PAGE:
EM – Mr. Olson reported that the committee met on February 17 and heard a presentation on the closure of the Toxic Substances Control Act Incinerator at ETTP. The committee felt no recommendation was warranted on the closure of the facility. The committee also heard an update on activities at the Transuranic Waste Processing Center.
The committee had a lengthy discussion on landlord costs at ETTP and how it impacts the DOE Oak Ridge budget. Mr. Olson said that discussion led to the crafting of the draft recommendation on the DOE Oak Ridge FY 2012 budget request. The recommendation was not considered at this meeting for lack of a quorum. It will be discussed again at the upcoming EM meeting on March 17 for possible revision. Mr. Olson invited all board members to attend that meeting to participate in the budget recommendation discussion.
Public Outreach – Ms. Owen reported that the committee met on February 23 and discussed presentations that were made to the public. Mr. Myrick made two presentations to classes at Hardin Valley Academy on February 8 and February 26.
The committee reviewed the Advocate newsletter editorial plan for the spring issue and received an update from staff on the progress of the ORSSAB museum exhibit update at the American Museum of Science and Energy.
The committee decided to have exhibits at EarthFest on April 17 and Earth Day on April 24. Ms. Owen asked for volunteers to help staff the exhibits for two-hour shifts.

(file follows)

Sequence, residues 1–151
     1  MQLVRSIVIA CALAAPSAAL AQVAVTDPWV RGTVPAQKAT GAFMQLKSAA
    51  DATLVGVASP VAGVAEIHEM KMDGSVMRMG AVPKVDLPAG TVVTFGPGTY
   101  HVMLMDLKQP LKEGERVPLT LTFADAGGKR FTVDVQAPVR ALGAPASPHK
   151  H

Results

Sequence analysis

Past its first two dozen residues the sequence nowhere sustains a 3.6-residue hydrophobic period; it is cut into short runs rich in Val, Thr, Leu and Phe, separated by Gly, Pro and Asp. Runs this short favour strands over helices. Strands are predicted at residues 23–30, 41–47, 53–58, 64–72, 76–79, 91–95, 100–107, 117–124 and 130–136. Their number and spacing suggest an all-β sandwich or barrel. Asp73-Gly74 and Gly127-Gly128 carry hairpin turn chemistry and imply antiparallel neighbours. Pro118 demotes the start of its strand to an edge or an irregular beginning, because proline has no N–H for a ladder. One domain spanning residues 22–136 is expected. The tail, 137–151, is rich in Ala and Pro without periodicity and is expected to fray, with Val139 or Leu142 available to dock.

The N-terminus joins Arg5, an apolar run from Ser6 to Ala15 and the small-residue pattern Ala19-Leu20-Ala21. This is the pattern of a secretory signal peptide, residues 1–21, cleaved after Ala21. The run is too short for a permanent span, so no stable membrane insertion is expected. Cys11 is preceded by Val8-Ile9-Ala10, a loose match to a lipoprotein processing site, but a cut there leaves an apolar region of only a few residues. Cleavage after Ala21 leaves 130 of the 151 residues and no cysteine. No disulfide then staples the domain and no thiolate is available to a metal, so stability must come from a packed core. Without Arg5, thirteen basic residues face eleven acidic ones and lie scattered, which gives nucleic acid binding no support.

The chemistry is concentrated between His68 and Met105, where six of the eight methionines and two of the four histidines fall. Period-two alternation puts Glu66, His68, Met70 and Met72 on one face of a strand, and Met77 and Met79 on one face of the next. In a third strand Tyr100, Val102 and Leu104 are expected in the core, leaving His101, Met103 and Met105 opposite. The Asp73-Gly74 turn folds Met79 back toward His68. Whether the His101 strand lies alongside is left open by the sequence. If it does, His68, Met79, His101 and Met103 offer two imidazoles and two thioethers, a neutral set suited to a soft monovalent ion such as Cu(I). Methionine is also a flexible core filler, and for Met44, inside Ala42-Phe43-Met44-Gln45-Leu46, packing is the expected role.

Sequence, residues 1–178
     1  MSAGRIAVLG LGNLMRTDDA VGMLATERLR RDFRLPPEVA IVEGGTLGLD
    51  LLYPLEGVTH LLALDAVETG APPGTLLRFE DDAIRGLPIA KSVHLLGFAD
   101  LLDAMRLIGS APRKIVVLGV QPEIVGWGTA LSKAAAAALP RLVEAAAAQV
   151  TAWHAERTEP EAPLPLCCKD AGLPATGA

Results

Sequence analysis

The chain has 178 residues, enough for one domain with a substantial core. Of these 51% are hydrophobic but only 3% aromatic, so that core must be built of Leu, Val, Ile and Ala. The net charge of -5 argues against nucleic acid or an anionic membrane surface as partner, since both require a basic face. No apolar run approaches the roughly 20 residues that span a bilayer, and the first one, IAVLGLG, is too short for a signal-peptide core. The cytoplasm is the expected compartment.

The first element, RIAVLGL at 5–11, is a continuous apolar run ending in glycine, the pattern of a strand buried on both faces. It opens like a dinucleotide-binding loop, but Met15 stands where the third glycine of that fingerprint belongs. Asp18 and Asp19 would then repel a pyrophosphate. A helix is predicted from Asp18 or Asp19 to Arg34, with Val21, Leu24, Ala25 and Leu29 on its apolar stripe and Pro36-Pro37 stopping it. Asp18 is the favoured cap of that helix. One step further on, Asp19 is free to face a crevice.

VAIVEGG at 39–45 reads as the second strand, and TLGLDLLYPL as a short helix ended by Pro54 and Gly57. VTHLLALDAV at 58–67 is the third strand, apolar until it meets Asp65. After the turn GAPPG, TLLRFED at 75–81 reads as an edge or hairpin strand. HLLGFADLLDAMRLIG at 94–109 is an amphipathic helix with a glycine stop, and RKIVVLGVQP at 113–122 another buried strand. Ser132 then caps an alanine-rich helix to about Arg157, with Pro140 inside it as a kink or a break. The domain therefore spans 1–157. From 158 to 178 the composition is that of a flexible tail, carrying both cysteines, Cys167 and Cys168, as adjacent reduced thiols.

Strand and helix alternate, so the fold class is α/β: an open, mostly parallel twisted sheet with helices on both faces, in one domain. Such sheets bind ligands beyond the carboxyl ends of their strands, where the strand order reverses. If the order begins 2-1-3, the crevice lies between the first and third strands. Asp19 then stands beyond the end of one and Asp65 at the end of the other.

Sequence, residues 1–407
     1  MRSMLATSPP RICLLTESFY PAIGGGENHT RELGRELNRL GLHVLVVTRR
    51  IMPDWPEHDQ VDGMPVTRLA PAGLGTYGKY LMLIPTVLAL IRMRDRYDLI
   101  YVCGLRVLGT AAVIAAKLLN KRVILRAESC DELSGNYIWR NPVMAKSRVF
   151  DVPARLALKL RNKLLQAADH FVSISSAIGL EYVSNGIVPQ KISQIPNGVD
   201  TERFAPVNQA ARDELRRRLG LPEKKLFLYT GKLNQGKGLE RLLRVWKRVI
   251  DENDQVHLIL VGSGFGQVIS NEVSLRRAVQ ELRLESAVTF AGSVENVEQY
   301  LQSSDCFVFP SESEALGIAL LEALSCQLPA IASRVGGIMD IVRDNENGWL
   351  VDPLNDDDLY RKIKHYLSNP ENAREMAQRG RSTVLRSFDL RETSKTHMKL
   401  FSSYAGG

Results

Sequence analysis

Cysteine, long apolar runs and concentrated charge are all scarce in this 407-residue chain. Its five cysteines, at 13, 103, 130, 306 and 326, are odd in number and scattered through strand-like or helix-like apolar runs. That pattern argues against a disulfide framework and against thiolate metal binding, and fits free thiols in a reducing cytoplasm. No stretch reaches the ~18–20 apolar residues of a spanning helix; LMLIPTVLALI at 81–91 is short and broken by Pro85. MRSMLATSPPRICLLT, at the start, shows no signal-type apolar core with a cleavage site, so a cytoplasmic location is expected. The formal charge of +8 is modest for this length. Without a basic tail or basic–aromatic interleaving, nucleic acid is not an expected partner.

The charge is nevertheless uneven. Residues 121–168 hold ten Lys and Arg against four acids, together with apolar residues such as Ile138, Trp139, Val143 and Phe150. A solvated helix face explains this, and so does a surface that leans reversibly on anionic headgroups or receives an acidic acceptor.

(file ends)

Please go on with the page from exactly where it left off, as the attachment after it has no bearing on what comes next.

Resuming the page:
Stewardship – Mr. Bonner reported that the committee met on February 16 and had an initial discussion on the delisting process for removing clean portions of the ORR from the EPA’s National Priorities List. There will be additional discussion on the topic at the March 16 meeting. There was also a related presentation on a proposed DOE Oak Ridge geographical information system.
The committee approved a draft recommendation that DOE accept the Long-term Stewardship Implementation for Oak Ridge. Again, lacking at quorum at this meeting the recommendation will be placed on the April ORSSAB agenda for consideration.
The March 16 meeting will include a review of the revised “Why Stewardship” presentation.
Executive – The committee met on February 25. Mr. Murphree said the committee decided on the three top issues for Oak Ridge to be presented at the EM SSAB Chairs’ meeting in April. They are:
1. Budget and associated milestone issues
2. The K-25 Building technetium-99 problem and the $1 billion price for K-25 D&D
3. The re-compete of the Oak Ridge EM program contract.
The committee chose as a board accomplishment the positive response from DOE Oak Ridge to generate an Abbreviated Quarterly Project Review. The major board activity is the planning for the Chairs’ meeting.